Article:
I buy a fresh pineapple almost every week in the summer except when it is literally being given away. In that case, I get two. Love the fruit as madly as I do, I am horribly lazy about cleaning and prepping it.
The key to committing, I find, is to bring the fruit back home, wash and slice the ends off straight away. In this Texas heat, it takes mere minutes for gnats to get news of these tasty landing spots. Just the stimulus to make haste.
This past week, pineapples were on sale - two for $2.50. I caved but predictably, ignored my own advice and left the fruit sitting on the counter. By day five, you could smell them all the way in my room upstairs like an admonishment. Half an hour later, I had neatly portioned freezer containers of sweet pineapple for smoothies, chunks reserved in the fridge to snack on and some extra to put in my delicious Sweet and Sour Tofu with Vegetables. One whole fruit and a quarter of the second down.
Okay... Maybe a little less pineapple the next time..
..or maybe, I could just make murabba!
The very mention of it takes me back to every relished bite from my high school friend Yamini's lunchbox. Her mum made killer mango murabba - a spiced, sweet and sour jam - just brilliant with soft Indian breads. Unfortunately,I never ever learned to make the condiment from her. All I could remember was that it called for green mangoes, a few spices and sugar but no blazing idea how much of anything or what spices exactly.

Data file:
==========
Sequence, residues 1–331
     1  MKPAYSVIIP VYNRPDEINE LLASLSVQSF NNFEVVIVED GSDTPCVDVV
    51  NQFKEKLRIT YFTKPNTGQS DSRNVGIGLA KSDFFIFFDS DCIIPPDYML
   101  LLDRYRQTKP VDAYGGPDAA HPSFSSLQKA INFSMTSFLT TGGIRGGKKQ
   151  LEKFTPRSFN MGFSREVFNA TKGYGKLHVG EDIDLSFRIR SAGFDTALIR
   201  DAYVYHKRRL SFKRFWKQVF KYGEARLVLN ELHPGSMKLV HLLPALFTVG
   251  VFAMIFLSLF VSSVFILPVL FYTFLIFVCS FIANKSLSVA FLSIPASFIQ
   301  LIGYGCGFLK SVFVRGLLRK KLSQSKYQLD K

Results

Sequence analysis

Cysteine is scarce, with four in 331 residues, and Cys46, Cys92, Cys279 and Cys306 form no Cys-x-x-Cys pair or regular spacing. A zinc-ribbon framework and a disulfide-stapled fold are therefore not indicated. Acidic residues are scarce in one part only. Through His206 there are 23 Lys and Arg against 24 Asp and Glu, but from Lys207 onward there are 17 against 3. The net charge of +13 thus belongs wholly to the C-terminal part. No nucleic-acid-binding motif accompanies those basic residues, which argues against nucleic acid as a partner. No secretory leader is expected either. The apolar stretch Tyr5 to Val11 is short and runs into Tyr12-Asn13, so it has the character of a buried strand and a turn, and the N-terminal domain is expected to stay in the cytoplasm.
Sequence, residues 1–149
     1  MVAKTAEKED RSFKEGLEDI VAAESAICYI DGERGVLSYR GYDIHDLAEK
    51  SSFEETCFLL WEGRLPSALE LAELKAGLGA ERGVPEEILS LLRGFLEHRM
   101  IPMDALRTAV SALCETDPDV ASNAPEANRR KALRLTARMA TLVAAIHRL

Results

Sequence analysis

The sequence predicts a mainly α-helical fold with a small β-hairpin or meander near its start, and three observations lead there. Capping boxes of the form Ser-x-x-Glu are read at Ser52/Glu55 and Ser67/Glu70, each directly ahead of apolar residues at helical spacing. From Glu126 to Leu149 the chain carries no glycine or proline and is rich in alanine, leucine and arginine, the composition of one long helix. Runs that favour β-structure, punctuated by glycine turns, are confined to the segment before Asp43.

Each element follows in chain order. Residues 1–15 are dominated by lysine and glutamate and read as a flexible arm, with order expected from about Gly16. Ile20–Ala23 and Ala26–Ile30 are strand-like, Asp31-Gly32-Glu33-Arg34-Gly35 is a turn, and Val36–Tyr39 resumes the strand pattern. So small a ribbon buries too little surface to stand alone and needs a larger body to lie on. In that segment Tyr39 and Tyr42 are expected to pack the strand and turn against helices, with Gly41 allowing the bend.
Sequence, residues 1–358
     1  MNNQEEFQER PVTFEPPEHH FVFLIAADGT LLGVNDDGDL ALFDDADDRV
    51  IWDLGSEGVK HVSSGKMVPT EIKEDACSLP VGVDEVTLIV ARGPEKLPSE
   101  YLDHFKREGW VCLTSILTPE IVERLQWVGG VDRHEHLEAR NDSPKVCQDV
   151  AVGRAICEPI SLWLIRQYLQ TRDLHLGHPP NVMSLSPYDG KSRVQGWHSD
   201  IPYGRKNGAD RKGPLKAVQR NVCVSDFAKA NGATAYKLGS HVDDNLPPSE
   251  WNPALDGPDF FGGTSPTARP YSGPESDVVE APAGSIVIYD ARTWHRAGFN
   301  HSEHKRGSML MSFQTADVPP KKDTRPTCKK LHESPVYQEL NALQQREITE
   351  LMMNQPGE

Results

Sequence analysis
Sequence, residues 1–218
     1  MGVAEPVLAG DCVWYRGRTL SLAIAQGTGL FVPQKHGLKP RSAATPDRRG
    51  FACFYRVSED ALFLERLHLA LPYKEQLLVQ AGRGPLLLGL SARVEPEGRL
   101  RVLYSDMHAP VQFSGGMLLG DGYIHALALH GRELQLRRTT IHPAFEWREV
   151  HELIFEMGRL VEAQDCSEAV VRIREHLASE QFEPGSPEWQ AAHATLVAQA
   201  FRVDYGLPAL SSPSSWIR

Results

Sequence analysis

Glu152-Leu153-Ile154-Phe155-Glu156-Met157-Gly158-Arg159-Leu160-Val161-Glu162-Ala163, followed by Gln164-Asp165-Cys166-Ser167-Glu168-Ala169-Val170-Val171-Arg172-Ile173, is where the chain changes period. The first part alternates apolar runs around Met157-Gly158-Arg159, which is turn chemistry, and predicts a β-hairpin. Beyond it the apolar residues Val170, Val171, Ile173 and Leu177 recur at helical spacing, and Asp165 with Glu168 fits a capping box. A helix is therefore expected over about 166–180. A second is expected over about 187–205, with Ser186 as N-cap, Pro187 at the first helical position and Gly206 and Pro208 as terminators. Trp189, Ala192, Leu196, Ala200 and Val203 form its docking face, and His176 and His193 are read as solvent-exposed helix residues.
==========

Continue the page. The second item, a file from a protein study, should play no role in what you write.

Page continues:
What is good for the mango is good enough for the pineapple, it turned out. Created on-the-fly, purely from my taste memories, this recipe was the perfect use for the remaining three quarters. Spicier than I remember, with the bonus of no added-sugars, this jam, murabba or chutney, call it what you will, is definitely worth going pineapples over.
Yields approximately 12oz.
Fruit from 3/4 sweet pineapple, chunked
1/4 cup raisins or sliced dates (optional)
A big pinch ground cayenne
1" stick, cinnamon
A few grinds, black pepper
Sea salt to taste
1/2 tsp. each nigella, fennel and cumin seeds
Seeds from one green cardamom
Place all the fruit in a pan. Add the cinnamon stick, cayenne, ground pepper and salt. Cook covered on medium heat until soft. You won't need to add any water. There is plenty in the pineapple but do adjust the heat down if necessary to avoid burning. Remove the cinnamon stick and break down the fruit either with a potato masher.
Powder the nigella, fennel, cumin and cardamom seeds until slightly coarse, using a spice grinder.
Tip the ground spices into the pineapple mixture.
Transfer into a glass jar and cool uncovered in the fridge. Screw the cap on once the murabba has cooled completely.